ISLAMABAD (AFP) — Pakistani police used batons and fired tear gas in a clash with protesters who hurled rocks and bricks at them in the capital Islamabad on Monday, AFP journalists on the scene said.
It was the first public clash with security forces since President Pervez Musharraf on Saturday lifted an unpopular state of emergency which he imposed amid months of political turmoil.
Around 200 people were trying to make their way to the residence of deposed chief justice Iftikhar Muhammad Chaudhry, who is under house arrest, but were blocked by police.
Police said 14 officers were hurt in the melee, while an AFP reporter said at least one local journalist was taken to hospital after being beaten with a baton. The clash lasted about 45 minutes.
"They started pelting the police with stones and tried to force their way through. The police responded with tear gas and baton charges to disperse them," Kaleem Imam, a senior Islamabad police official, told AFP.
He said some of the injured police had been hit by rocks and that 21 people had been arrested.
An AFP journalist said it appeared that students had started the clash by hitting police with sticks.
The protesters -- including lawyers, students and rights activists -- chanted slogans against Musharraf, who suspended Chaudhry in March, sparking months of political chaos.
Chaudhry has since been sacked and is under house arrest. But he has become a pro-democracy icon for opponents of the president.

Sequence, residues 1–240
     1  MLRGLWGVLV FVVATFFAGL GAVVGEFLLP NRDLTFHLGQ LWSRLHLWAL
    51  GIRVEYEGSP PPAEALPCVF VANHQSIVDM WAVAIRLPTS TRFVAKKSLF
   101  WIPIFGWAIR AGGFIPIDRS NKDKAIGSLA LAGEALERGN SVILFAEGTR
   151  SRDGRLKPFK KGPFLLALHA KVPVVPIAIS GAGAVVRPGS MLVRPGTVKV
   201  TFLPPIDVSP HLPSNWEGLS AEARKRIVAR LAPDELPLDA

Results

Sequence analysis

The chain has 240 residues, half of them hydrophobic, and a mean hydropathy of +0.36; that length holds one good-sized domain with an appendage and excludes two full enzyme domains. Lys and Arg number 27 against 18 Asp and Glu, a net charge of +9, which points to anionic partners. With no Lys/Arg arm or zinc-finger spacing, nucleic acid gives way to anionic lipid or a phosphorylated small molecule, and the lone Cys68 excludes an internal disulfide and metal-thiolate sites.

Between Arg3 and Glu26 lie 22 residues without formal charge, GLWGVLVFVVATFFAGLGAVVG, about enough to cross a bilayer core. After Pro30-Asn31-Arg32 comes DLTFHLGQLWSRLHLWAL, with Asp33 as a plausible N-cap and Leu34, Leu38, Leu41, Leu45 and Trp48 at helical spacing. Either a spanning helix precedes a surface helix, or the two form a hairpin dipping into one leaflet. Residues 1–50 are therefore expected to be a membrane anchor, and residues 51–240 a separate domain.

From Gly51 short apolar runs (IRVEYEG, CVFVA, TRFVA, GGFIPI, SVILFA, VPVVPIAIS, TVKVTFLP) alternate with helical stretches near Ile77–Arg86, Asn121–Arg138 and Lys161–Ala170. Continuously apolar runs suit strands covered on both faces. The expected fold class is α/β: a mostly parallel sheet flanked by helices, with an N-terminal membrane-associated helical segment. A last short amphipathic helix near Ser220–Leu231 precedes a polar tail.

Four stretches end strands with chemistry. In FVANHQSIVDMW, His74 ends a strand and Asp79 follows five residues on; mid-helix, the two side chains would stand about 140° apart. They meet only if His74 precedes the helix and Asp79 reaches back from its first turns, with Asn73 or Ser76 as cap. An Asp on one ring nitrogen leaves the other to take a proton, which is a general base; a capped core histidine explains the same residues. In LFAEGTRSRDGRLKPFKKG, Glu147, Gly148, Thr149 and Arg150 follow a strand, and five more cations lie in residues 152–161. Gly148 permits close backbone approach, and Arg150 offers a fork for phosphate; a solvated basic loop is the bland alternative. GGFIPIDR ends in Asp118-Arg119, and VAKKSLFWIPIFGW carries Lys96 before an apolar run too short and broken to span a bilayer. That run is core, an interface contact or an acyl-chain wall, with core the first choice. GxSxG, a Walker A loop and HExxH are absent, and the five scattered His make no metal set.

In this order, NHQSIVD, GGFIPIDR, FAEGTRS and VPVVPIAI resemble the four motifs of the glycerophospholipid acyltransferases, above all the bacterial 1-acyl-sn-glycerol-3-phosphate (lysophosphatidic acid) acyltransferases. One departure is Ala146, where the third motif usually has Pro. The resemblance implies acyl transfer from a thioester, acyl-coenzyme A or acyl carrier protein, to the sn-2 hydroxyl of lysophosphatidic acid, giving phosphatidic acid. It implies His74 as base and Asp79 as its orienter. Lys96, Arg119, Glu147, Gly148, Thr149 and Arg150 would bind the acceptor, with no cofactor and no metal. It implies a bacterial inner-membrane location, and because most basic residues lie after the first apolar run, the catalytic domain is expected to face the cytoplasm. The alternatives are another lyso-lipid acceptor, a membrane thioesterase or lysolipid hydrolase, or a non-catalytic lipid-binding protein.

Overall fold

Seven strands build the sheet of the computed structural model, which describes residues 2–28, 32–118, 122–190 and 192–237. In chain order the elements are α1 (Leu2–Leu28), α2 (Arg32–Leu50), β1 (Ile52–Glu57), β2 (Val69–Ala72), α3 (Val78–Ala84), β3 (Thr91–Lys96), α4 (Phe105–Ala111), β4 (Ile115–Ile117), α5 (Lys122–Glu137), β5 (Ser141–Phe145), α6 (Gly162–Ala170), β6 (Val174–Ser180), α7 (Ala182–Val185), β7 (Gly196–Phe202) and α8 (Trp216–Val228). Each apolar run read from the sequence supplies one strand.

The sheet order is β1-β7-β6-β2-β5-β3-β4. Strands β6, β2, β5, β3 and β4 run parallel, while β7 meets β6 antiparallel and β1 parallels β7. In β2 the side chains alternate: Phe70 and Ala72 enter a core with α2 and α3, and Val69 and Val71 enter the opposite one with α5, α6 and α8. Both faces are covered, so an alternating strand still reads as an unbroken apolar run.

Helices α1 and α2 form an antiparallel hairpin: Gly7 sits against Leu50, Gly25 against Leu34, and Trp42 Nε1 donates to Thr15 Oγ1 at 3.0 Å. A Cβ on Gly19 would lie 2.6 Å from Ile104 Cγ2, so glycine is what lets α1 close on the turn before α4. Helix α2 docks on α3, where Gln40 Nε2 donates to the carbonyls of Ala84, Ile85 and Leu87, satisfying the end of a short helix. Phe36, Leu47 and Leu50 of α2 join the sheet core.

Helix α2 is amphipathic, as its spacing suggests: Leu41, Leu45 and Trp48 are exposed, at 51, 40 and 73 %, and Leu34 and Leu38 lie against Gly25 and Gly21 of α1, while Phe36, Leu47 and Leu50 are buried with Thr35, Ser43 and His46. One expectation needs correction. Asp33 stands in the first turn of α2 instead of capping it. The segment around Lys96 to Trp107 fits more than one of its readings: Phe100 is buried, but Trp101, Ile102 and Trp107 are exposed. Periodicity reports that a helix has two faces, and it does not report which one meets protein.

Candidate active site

"Go, Musharraf! Go!" the protesters chanted -- using what has become a regular slogan in demonstrations against the 64-year-old leader.
Dozens of judges were sacked under the six-week state of emergency, and the president has vowed that they will not be given back their jobs.
Musharraf said he imposed the emergency because of a wave of Islamist violence as well as what he said was a conspiracy, helped in part by the judiciary, to derail democracy in the country.
Critics charge the real reason was to purge anti-Musharraf judges who might have been willing to consider legal challenges to his October re-election as president.
But rights activist and professor Farzana Bari told AFP that it had been a peaceful protest marred by the "brutality" of the police.
"We just wanted to go to the house of Iftikhar Chaudhry to express our solidarity with him, but police started beating us without any warning," said Bari, speaking by telephone from police custody.
"We will continue our struggle for the independence of the judiciary. We want Musharraf to reinstate the judges he sacked," she said.
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